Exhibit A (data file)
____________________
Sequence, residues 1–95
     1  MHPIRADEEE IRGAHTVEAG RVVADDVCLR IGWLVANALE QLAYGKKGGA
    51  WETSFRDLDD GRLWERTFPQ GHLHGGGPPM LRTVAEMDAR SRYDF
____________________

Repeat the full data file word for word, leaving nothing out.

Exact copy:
Sequence, residues 1–95
     1  MHPIRADEEE IRGAHTVEAG RVVADDVCLR IGWLVANALE QLAYGKKGGA
    51  WETSFRDLDD GRLWERTFPQ GHLHGGGPPM LRTVAEMDAR SRYDF